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Resigned to absurdity
Ministerial culpability and a culture of resignations cannot and should not be regulated at law.
20 February 2012, 12:00am
Professor Kevin Aquilina, who heads the Faculty of Law, has just submitted a list of proposals for a Constitutional ‘blueprint’ to govern how ‘ministerial responsibility’ should be regulated.
That’s right, folks… we are now going to pass laws to regulate how, when and to what degree a minister should shoulder responsibility for his or her actions.
Honestly, this country just never ceases to amaze me. The very idea is so utterly absurd and outlandish that I scarce know where to begin. It’s like debating a law to regulate ‘politeness’ or ‘table manners’. You know, making it a crime not to say ‘please’ or ‘thank you’, or to talk with your mouth full, etc.
How can such matters possibly be subject to the law? They are merely external trappings of an inherent culture that exists (or fails to exist) independently of such things as ‘national jurisdictions’. If you were brought up in a certain way, you would mind your Ps and Qs, most often without even realizing it. If not, you wouldn’t… also without realizing it, though the omission will certainly be noticed by others.
You will notice that ‘law’ does not come into the equation at all; and if ever did, well, that’s when serious people will start seriously thinking of emigrating. For the moment it becomes LAW to thank people for a kindness – or to offer your seat to others on a bus, or to be in any way polite –the entire point will have been thrown irretrievably out of the window. Politeness will no longer be considered a virtue. It would become just another imposition.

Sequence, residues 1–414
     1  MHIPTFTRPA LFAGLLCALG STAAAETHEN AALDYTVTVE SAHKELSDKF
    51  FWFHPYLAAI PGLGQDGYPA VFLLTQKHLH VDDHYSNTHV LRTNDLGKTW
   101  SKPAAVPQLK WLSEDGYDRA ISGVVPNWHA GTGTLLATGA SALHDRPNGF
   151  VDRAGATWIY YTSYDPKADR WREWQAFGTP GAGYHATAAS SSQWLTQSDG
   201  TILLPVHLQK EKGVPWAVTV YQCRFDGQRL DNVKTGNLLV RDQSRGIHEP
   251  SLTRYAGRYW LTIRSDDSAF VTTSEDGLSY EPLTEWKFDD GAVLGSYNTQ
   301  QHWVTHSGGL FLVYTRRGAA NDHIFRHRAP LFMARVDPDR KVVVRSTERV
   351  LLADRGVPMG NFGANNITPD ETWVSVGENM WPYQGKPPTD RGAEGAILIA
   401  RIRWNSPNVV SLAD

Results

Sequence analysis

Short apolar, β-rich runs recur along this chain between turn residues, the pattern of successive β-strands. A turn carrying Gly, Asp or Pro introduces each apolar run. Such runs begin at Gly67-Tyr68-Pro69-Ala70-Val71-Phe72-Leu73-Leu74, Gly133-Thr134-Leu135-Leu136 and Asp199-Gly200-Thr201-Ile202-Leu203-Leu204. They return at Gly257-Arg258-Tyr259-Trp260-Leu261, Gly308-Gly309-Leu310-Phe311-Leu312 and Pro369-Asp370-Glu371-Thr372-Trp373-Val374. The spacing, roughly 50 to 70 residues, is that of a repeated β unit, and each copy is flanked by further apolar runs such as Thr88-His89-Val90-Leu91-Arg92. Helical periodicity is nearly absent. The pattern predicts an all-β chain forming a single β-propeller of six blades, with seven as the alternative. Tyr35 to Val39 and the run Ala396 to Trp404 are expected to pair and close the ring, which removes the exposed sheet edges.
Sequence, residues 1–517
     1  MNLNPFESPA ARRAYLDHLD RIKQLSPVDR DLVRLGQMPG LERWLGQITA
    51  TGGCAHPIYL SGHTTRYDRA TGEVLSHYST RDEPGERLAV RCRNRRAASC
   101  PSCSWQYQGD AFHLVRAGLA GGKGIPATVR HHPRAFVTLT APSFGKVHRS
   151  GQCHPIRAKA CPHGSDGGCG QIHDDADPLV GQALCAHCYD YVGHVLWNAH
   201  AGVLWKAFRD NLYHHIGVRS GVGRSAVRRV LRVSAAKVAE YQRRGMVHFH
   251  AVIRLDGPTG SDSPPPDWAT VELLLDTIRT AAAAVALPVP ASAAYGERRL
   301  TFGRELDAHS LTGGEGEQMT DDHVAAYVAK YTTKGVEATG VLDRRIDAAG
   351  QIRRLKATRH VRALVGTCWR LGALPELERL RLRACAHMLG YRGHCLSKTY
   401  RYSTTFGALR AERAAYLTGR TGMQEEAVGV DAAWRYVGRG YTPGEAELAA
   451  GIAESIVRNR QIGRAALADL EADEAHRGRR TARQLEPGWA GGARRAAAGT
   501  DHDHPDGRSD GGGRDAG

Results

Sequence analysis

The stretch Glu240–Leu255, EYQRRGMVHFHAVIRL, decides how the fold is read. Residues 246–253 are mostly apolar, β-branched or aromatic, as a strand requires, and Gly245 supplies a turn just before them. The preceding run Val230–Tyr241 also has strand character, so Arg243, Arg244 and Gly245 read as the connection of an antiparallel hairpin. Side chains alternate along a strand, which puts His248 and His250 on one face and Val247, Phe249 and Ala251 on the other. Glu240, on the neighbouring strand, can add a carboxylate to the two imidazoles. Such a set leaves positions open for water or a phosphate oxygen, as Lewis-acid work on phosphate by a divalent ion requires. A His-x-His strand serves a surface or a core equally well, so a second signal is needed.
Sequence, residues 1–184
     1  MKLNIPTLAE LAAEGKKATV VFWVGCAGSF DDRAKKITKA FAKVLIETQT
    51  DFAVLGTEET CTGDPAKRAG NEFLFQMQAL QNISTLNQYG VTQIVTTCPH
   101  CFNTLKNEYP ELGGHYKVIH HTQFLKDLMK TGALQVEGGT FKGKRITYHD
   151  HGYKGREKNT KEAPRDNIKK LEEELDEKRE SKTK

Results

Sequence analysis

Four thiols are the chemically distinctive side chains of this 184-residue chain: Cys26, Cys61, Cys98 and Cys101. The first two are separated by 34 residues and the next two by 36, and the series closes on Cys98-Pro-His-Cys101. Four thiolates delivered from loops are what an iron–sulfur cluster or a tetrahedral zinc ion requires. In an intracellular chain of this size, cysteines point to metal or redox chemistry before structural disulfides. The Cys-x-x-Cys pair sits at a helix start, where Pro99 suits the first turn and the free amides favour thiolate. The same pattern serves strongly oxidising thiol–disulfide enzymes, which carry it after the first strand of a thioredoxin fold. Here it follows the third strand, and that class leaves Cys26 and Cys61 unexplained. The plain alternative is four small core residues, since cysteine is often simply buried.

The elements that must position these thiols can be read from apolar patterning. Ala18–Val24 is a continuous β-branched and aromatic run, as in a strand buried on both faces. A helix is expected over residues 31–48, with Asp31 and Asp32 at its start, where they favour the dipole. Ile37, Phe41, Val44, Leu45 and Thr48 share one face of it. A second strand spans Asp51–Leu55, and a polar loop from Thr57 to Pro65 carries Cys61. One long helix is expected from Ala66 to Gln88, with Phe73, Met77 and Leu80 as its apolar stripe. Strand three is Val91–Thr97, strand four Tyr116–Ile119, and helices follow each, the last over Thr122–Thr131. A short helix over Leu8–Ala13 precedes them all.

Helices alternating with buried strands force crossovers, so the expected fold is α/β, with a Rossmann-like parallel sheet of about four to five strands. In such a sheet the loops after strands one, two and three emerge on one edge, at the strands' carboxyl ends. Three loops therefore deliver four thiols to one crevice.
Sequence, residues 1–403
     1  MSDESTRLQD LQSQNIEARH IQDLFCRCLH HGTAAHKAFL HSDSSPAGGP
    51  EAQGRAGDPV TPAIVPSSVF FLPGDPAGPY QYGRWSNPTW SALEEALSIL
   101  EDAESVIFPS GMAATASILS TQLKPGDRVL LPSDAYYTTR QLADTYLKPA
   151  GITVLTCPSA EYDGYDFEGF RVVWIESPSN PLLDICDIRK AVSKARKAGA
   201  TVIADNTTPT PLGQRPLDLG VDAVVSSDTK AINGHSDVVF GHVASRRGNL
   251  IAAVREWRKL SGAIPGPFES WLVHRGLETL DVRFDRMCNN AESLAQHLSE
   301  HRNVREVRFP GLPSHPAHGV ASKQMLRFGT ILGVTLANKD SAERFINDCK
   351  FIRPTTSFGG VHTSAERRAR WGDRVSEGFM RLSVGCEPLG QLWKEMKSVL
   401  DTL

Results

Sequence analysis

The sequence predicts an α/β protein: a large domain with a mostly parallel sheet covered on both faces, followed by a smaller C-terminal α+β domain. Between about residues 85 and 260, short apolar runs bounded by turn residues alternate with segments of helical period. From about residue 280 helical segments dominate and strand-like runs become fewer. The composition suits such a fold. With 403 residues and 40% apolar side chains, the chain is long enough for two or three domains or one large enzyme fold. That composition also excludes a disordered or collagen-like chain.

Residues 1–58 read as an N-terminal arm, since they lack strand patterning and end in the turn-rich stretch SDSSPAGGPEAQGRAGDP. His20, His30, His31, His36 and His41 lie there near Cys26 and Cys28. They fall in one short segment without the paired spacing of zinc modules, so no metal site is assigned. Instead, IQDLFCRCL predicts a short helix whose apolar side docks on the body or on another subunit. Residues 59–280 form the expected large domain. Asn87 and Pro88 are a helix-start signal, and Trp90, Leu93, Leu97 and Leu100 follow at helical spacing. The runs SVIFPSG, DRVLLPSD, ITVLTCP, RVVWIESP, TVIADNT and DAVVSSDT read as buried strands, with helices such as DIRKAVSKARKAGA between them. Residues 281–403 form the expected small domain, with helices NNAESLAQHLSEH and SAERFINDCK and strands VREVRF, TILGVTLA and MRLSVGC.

So in itself, the fact that we are even discussing a law to decide when public office holders should or should not acknowledge personal culpability only reveals how very, very distant we still are from understanding the basics of these and other issues.
But to be honest, that was an admittedly exasperated aside on my part. There is something else that worries me about this particular exercise.
According to Prof. Aquilina, there are six ‘levels of ministerial responsibility’ to be legally addressed. Let’s have a look at them one by one, shall we? [NB They are all prefixed the same way: ‘A minister can shoulder responsibility by…’]
1) ‘…redirecting questions to the relevant minister’
Two small problems with this: a) It is what already happens… ALL THE TIME. If you don’t believe me, consult the parliamentary questions website and have a look at a few of the ‘answers’;